I’m Fed Up With Being Told I’m Lucky

We were having a nice relaxed chat with a close friend of ours the other day when something she said got right up my nose. She just casually dropped “you’ve always been lucky with your jobs” into a sentence that previously wasn’t really going anywhere. I instantly took a defensive pose and would have put my hands on my hips if it hadn’t have been for the fact that I was driving at the time. Being told that I am “lucky” in my career choices was just plain wrong, especially after all the time I’ve spent strategically developing and managing my career.

Don’t get me wrong. I bear our close friend no ill will, I just don’t want to be categorised as someone who’s been lucky on the job front. If I have been a slacker or a ne’er-do-well I’d be more than comfortable with the monicker, but I’ve been both diligent and creative in my choices. I’ve studied my craft and sought out thought leaders while endeavouring to be creative in seeking solutions – so lucky – I don’t think so!!

This got me thinking about how so many other folk that I’ve worked and collaborated with have approached their careers and how they have fared. Have the people I’ve worked with also been strategic in their choices and diligent in their career development? In the majority of cases, my answer is a resounding NO. How do I arrive at this assessment? I base it upon their knowledge and achievements (or lack thereof).

About 8 years ago I was head-hunted (not for the first time) by a company that is seen as a world leader in the technology field. I stated up front that I would stay a maximum of 2 years, as this is my strategy with respect to developing my career.

One of the major reasons for joining this organisation was my expectation of their technical excellence – specifically in the software testing field. Sadly, what I found was that they came to me for guidance far more than I ever went to them! How could this be, I thought, when their resources are far in excess of anything I have ever encountered before? The answer was that 99% of staff never availed themselves of these fantastic resources and therefore missed a massive opportunity. The company offered personal development and ran a Summer School in Australia each year, but this didn’t seem to translate into effective results when it came to achievements. My only conclusion was that they just weren’t motivated as much as I am. Incidentally, one of the last jobs I did for this company was to rewrite their graduate boot camp Testing module to focus far more on test execution than test theory. I really enjoyed delivering that two day course and several of the grads asked me about a career in Testing – a small win for the dark side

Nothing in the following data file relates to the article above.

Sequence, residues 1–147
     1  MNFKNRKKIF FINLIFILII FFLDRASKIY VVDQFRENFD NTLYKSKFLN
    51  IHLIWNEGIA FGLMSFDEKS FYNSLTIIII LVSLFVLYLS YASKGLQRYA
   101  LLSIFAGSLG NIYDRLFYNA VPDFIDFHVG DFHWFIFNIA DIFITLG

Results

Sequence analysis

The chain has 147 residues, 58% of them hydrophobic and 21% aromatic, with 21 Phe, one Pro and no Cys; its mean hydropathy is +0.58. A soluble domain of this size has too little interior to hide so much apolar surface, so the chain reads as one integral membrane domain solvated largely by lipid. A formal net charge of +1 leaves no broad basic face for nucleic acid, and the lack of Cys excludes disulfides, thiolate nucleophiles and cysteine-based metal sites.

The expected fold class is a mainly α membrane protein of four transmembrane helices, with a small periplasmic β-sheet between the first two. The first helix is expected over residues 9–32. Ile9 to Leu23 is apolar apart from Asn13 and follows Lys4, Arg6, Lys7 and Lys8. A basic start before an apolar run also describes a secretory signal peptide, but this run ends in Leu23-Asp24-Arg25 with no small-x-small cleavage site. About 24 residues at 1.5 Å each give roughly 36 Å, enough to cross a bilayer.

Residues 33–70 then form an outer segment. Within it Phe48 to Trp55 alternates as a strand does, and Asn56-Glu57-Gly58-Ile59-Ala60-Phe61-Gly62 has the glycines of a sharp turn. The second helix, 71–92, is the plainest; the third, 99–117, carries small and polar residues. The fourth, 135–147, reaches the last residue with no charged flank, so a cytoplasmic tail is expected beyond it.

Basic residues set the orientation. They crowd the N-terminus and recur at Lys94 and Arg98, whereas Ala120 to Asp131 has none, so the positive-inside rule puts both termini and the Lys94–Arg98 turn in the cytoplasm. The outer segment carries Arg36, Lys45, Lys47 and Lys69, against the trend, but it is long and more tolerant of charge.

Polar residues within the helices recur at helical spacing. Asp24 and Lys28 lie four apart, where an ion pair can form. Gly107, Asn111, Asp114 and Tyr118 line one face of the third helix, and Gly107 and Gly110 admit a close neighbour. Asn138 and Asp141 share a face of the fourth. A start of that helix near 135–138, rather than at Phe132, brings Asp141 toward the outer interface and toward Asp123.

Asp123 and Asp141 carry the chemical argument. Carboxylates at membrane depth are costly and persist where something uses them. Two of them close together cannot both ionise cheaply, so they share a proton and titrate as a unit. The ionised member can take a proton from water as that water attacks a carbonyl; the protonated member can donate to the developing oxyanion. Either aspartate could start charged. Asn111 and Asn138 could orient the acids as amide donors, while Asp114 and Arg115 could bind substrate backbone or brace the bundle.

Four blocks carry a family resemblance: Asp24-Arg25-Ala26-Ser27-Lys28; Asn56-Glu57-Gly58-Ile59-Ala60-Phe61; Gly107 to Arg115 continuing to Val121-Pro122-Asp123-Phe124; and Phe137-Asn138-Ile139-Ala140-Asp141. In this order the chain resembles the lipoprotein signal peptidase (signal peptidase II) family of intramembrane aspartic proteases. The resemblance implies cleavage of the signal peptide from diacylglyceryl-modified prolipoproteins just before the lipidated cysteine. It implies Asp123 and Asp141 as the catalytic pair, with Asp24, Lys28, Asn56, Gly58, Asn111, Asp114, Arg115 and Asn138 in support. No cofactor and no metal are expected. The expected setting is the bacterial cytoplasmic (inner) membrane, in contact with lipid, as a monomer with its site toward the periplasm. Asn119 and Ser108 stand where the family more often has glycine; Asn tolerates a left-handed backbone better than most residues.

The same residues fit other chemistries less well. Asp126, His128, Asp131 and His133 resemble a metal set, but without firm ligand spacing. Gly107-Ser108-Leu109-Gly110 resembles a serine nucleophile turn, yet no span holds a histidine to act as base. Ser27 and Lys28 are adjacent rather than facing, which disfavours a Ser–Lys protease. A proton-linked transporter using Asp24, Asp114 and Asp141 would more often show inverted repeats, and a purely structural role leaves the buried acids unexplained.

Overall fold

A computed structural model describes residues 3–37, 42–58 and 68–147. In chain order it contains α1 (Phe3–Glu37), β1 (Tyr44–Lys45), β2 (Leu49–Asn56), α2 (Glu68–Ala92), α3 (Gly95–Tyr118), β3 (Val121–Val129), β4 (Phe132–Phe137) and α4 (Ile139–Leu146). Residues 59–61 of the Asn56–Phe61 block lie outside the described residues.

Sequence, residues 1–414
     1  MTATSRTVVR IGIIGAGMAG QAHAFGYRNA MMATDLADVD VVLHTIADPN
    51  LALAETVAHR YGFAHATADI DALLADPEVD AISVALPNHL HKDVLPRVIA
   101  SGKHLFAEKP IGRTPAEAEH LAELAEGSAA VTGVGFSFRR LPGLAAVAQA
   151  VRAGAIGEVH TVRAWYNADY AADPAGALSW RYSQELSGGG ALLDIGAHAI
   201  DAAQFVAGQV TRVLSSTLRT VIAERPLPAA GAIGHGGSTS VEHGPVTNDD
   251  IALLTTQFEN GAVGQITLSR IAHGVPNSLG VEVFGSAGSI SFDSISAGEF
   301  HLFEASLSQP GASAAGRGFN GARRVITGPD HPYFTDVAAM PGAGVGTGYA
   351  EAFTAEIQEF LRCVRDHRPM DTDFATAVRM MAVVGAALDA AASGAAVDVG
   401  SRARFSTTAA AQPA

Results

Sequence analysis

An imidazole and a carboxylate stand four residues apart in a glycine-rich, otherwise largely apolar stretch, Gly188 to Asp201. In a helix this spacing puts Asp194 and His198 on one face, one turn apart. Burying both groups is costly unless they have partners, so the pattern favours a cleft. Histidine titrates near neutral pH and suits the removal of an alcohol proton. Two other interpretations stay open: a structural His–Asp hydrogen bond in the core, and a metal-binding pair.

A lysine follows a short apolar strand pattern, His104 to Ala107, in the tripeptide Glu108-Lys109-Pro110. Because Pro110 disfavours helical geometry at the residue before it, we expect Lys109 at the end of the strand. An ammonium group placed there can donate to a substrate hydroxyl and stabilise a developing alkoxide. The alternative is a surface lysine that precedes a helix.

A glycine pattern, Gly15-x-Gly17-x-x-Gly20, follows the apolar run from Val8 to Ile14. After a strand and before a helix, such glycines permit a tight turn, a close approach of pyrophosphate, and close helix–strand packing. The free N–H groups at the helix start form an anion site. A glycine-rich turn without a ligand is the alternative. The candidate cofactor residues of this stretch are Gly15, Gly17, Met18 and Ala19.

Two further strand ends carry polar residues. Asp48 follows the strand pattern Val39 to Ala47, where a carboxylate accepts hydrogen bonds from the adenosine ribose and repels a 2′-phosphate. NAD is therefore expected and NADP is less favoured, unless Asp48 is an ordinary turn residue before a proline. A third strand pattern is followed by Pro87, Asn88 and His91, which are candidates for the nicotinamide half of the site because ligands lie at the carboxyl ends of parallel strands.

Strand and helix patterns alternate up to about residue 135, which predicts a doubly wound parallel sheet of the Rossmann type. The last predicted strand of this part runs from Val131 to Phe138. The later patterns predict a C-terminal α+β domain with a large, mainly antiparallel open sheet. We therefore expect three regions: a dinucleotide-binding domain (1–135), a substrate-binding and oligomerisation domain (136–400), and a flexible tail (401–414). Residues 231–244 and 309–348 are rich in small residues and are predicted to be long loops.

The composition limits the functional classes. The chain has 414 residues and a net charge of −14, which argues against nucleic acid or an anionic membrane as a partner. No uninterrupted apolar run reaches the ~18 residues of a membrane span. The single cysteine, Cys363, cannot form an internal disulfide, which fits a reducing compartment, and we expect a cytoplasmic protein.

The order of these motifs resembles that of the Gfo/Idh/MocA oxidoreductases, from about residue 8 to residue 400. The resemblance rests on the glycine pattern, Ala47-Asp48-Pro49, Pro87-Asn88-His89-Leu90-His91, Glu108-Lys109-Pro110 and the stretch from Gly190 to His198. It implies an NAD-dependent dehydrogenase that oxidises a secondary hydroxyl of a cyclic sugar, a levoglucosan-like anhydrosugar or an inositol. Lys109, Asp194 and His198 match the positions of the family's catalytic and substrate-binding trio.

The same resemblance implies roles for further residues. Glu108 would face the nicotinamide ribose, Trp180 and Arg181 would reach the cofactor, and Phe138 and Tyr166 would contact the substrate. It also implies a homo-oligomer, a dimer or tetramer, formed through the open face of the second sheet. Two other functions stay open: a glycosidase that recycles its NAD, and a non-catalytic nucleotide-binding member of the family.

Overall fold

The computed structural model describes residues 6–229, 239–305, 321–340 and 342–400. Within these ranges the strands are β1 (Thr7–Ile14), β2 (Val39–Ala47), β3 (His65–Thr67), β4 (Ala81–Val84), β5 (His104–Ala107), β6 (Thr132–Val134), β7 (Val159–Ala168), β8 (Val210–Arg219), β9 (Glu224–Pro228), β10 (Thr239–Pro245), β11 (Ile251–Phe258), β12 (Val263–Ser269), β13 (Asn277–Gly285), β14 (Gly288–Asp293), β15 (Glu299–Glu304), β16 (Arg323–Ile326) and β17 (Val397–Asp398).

The majority of people I’ve worked with over the years want the kudos and benefits of working for a leading and prestigious organisation, but they don’t feel compelled to give the same level of commitment back. I know we all go through phases in our lives where family comes first (and it should), but if you want to be successful you need to put yourself on the line and leave your comfort zone as often as possible.

The main example I can point to in my time with this international tech leader (where my hard work paid off) was when I was asked to work with the organisations’ Swedish business which resulted in me spending more than 6 months collaborating with three international businesses in order to deliver a Smart Ticketing solution in Stockholm. I was chosen for this engagement ahead of peers who had been with the organisation for over twenty years. I was very lucky that day!!